This was one of the films banned in the UK back in 83, but I’m surprised by this as it’s not an overly horrific film, focussing more on a spooky dreamlike atmosphere. This really was one of the innocent victims in the whole witch-hunt. Another point, if ever a movie had been wrongly titled it’s this one. The Slayer really does not do this film justice.
This is a good quality film from the 80’s, well worth a look. Plenty of atmosphere to keep you glued.
It’s about time i start mopping up some DPP goodness.
- The Slayer
- Night Train Murders (Late Night Trains)
- Madhouse (There was a Little Girl)
- House on the Edge of the Park
- Women Behind Bars
I’m getting into the realms of bad cinema here, never have I sank so low, but why do I feel so good watching this trash?
A crazy scientist (Bill Greer) out in the Californian desert leads the way to the creation of pure evil in the form of a demon type beast which manifests as red dangling ribbons. His lab is a comical dungeon reminiscent of Hannibal’s cell in Silence of the Lambs. (I can’t believe I’m mentioning SOL in this review of this crappy film). The dungeon is home to a number of cells with loony crazy folk who are tortured by a henchman; one great scene has him cut off the legs of a beautiful babe in order to fit her into a box. The scientist also has a deranged sister (Lynne Marta) whom seems to be his inspiration, whilst his wife (Deedy Peters) is oblivious to his dastardly deeds.
The film really is a guilty pleasure. It’s bloody awful, but strangely enjoyable on a level which questions the enjoyment the team must have gotten out of making this film. Lynne Marta has a great look about her, I’ve no idea what she was thinking making this film, a regular in US TV at the time, Charlie’s Angels, Chips, Vega$ etc. I also enjoyed Greer’s poor acting too.
Paul Naschy plays a priest who investigates the strange behaviours of a young girl who has gone off the rails, whom he discovers is possess by her dead father. It’s a shameless Exorcist homage, to be kind, but it’s got a real nice feel about it. Naschy is a god when it comes to Spanish horror cinema and here, in this role he’s amazing, looking perfect in his vicars robes. For the most party, his presence alone carries the film, but the girl possessed, ‘Leila’ (The delightful Maria Perschy who actually looks more atractive in her possessed state) is also outstanding.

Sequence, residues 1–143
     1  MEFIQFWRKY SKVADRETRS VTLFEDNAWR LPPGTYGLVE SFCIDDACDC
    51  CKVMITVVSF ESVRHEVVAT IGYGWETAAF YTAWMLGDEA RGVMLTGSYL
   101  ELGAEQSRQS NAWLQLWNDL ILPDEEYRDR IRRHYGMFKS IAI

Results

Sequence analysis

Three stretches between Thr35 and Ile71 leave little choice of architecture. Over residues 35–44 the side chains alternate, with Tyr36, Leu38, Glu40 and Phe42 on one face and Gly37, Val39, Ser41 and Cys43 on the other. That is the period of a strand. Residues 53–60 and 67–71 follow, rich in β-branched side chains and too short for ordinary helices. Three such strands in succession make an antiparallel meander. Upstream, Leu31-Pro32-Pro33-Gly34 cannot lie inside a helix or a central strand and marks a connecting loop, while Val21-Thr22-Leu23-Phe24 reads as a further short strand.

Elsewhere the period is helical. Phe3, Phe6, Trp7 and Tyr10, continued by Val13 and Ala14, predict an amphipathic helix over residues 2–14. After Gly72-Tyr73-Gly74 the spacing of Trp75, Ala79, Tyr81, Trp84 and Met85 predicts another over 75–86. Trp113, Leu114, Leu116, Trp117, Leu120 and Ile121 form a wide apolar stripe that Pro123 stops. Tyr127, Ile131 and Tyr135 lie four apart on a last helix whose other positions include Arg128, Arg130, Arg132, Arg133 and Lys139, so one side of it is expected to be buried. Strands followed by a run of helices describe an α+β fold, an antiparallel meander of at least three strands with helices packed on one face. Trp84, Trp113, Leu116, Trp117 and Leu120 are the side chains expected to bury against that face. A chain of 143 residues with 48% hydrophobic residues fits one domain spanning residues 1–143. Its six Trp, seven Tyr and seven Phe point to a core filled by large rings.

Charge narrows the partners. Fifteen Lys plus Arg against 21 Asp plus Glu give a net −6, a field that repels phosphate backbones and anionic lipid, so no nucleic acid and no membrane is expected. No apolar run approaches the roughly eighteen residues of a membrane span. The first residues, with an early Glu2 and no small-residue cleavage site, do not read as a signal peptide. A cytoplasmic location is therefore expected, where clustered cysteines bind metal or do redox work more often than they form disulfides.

This is eurotrash at its finest. Nudity, possession, gore and blasphemy. It’s got a crazy art house feel about it too with director Juan Bosch focusing more on the feel and look rather than his poor actors who try their hardest to make this film a masterpiece. Bosch is a veteran of quality Spanish flair with titles ‘And the Crows Will Dig Your Grave’, ‘The Killer Wore Gloves’ and ‘The Killer With 1000 Eyes’ to his name.
Exorcismo put a smile on my face and entertained me for the duration. It’s good to clock up a few films like this in a week of ambitious Exorcist remakes, this one is just along for the ride. Good gore too, really liked the possessed make-up effects.
A final word to mention the beautiful Triumph Spitfire. They just don’t make cars like that these days.
This is by far the finest film of the week so far, thrilling and outrageous in it’s crazy blasphemous approach. It’s offensive yet beautiful in style and content.
Danila ‘Stella Carnacina’ becomes obsessed with an ancient statue of Christ on a cross, whom her friend is delicately repairing in their joint artists studio. After she witnesses her mother engage in some extreme fondling with a fancy man, being whipped with roses at a swingers party, she returns to her workshop only to find her mind drifting to a romantic scenario as Christ climbs from his cross. From this point on, Danila’s mind is not in the right place. Mood swings and self obsession are the order of the day, even to the point of trying to seduce her own father after he asks, ‘are you ok?’ as she is writhing all over a bed. The feuding parents seek medical help, only to be advised, ‘give her a warm glass of milk’, before they seek religious support in the form of an exorcism.
This is a great film, really good stuff. It’s shot so well with stunning acting. Stella Carnacina is a real superstar and here shows bloody amazing potential with a difficult and challenging role, she carries herself and makes the film stand out from the rest of the Exorcist style flicks. The script is a bit witty in places, but as a whole it’s an enjoyable 90 mins.